Saturday, July 16, 2011

Dearborn Press and Guide's First Yard of the Month!

Hassan and Nadia Dakroub with English Gardens GM Matt Borden

Seeing other people enjoy it [the garden] is my pleasure.” - Pearl Fryar

The idea for "Yard of the Month" came a few years ago.  During a wakeful night, I sleepily stumbled across a television documentary about Mr. Fryar's garden.  "A Man Named Pearl" tells the story of how one home gardener became internationally known. 

Inspired after winning the local garden club award for Garden of the Month, Pearl Fryar, the first black man to receive that local honor, turned a passion for carving the trees around his tidy brick ranch home into sculptural topiaries into first a local, and then a national attraction.  Now busloads of gardeners flock to Pearl's yard. 

With this idea in mind I contacted J. Patrick "Pat" Pepper with the thought that Dearborn should have its own such "Yard of the Month."  The young energetic editor of the Dearborn Press and Guide moved quickly to get approval and set up the program. The entries flowed in!  All I can say is "WOW!"  Our town has some impressive and creative yards!  It was a pleasure to review the entries and to check out these lovely homes. Yardeners are passionate folks. 

After careful consideration the July 2011 Yard of the Month (drumroll please) goes to Nadia and Hassan Dakroub, for their lovely organic English garden located in Springwells Park.

It was a pleasure chatting with the Dakroubs and spending time in their peaceful oasis. 
Upon meeting them, one would never guess these educators juggle jobs, family and garden tending, but they certainly do it well.

Cudos to the Dakroubs.

Thanks for making Dearborn a more beautiful place to live. 


Monday, July 4, 2011

What Color Mulch To Use? Free Mulch and a Cuppa Joe

Free wood chips
Where to find free mulch or woodchips?

Alongside our first home, with little cash, my husband and I landscaped the street side with cast off railroad ties and clearance junipers.  The tiered garden remains, but now the tiny twigs of shrubs nearly overwhelm the small brick home. 

Green gardening doesn't mean less green in the wallet.  There are creative ways to reuse materials meant for the landfill.

Lugging heavy bags of mulch home from the nursery is costly and hard on the back.  And those bags don't spread very far, do they?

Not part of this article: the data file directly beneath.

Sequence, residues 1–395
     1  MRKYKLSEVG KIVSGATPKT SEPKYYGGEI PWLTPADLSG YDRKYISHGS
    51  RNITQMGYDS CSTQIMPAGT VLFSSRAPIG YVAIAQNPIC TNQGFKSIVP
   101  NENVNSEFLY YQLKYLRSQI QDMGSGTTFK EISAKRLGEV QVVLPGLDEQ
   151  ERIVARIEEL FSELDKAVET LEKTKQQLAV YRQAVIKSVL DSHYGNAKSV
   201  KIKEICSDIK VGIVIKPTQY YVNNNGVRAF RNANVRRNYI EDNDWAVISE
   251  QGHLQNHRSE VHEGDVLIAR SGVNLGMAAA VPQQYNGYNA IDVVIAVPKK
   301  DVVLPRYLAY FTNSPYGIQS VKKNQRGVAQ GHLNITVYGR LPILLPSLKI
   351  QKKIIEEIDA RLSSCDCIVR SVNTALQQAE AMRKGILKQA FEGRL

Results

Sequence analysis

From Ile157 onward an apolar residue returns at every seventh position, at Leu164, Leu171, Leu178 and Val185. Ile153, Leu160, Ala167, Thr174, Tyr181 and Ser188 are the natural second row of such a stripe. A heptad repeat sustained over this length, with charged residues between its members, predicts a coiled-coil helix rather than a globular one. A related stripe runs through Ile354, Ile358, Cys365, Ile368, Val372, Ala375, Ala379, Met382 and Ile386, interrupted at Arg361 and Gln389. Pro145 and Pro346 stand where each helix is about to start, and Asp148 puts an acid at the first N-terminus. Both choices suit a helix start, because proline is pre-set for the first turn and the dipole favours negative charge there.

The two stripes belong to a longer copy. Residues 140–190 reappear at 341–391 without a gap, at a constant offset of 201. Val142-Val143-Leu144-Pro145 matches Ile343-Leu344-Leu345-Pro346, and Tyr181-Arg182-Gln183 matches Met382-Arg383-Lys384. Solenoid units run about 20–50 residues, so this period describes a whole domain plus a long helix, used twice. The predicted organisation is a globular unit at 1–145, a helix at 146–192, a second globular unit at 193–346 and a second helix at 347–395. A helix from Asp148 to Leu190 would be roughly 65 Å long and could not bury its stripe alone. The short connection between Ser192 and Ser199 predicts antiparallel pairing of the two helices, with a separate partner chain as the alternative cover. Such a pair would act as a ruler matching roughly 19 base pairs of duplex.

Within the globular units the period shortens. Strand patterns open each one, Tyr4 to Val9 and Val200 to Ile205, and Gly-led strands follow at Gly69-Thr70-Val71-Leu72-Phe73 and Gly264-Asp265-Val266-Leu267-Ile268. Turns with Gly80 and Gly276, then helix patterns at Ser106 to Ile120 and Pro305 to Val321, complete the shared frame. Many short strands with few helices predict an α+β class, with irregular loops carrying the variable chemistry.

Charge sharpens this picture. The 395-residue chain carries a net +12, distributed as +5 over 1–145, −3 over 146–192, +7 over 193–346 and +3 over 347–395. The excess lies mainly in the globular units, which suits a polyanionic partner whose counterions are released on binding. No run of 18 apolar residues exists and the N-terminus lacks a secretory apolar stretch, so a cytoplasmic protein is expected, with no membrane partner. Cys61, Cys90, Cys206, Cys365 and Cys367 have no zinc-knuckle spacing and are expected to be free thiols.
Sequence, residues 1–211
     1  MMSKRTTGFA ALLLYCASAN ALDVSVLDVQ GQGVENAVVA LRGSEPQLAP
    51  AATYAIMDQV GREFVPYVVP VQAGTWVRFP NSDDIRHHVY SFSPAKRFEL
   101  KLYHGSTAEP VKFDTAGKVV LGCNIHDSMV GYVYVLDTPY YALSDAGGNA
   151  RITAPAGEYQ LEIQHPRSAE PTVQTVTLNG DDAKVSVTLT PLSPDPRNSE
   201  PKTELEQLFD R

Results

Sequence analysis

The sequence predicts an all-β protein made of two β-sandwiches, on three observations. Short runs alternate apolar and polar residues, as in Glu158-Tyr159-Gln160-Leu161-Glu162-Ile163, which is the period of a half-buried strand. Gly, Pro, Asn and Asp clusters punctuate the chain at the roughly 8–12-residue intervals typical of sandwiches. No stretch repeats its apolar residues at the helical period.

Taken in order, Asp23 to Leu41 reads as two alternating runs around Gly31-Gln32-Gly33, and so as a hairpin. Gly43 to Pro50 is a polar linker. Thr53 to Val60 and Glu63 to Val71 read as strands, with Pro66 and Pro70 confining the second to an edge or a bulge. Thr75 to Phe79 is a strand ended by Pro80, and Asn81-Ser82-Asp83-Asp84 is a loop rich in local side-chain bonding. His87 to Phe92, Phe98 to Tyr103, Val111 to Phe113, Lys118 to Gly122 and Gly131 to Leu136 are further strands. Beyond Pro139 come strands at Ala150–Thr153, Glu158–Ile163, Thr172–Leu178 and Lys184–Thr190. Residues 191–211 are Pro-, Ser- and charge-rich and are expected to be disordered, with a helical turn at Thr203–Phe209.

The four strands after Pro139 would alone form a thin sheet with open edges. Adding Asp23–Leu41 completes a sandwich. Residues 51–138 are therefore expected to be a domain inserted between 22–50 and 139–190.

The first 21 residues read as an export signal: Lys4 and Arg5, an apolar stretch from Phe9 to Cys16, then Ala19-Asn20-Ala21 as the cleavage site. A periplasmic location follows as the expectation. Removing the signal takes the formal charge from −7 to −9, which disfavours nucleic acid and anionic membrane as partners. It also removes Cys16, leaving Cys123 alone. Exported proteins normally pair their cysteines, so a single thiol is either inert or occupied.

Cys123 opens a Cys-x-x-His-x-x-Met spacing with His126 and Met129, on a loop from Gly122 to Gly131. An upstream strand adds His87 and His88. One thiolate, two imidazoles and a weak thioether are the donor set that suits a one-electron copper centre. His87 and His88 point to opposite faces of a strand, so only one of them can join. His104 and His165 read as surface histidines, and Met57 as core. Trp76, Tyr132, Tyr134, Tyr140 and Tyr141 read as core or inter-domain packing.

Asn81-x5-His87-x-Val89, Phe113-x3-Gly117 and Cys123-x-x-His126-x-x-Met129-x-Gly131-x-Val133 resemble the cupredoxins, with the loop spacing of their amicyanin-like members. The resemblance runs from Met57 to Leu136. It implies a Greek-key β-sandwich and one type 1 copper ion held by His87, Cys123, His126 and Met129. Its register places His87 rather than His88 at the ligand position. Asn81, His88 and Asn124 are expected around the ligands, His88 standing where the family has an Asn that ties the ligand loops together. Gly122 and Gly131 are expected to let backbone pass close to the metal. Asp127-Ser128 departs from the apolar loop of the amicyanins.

Ford Field

Each spring cities make mountains of recycled and chipped wood mulch available to gardeners in public parks.  This mulch can be used on gardens or to define pathways, and the pile is replenished weekly, through fall.  Starting in April, fill every available container and cart with this nicely shredded mulch. 

It's easy to distribute from gallon sized containers or a rolling garden cart and far less back breaking than shouldering heavy plastic bags.

Pre-puppy days, there was the occasional splurge on coco mulch.  The bags were light, and the contents easily distributed.  The deep brown mulch was expensive, but for a few days the garden smelled like chocolate!

 Lovely indulgence. 

The finished look of natural wood is far more authentic than brightly dyed chips. 

Unlike a purse and shoes, it's not fashionable to match the bricks to the mulch.

There's no bright red mulch in nature, unless one lives in central Georgia, perhaps.  For the rest of us, mulch should be subdued, framing the plants, suppressing weeds and keeping moisture in the soil.

Don't heap mulch up around the base of a tree, it's terribly unhealthy.  Leave at least a foot around the trunk.  The roots should taper outward like clawed feet
Love coffee?  So do evergreens, hydrangeas, ferns, azaleas, and other "acid loving" shrubs, trees and plants.  Starbucks offers a free grounds recycling program called "Grounds for the Garden."  Used coffee grounds are packaged in recycled silver packets and sealed with a flowery sticker.  On a daily basis the used grounds are found packaged and piled in a brass bucket near the entrance of the coffee shop.  If the bucket is empty, ask the barista for a bag of grounds.  Or, ask if you can call ahead for grounds. The car will smell extraordinary during the ride home.

Sprinkle the (cooled) grounds around the base of  each plant or shrub, water, or let just the rain slowly dissolve the compost.

Otherwise, fill a watering can with warm water and toss some grounds into the mix, for a quick approach.

Either way, the garden, and the gardener, will enjoy a well deserved coffee break.

More Articles of Interest:

Container Gardens -- Pots on the Spot

The Four "C's" of Curb Appeal

Turn Over An Old Leaf -- How to Compost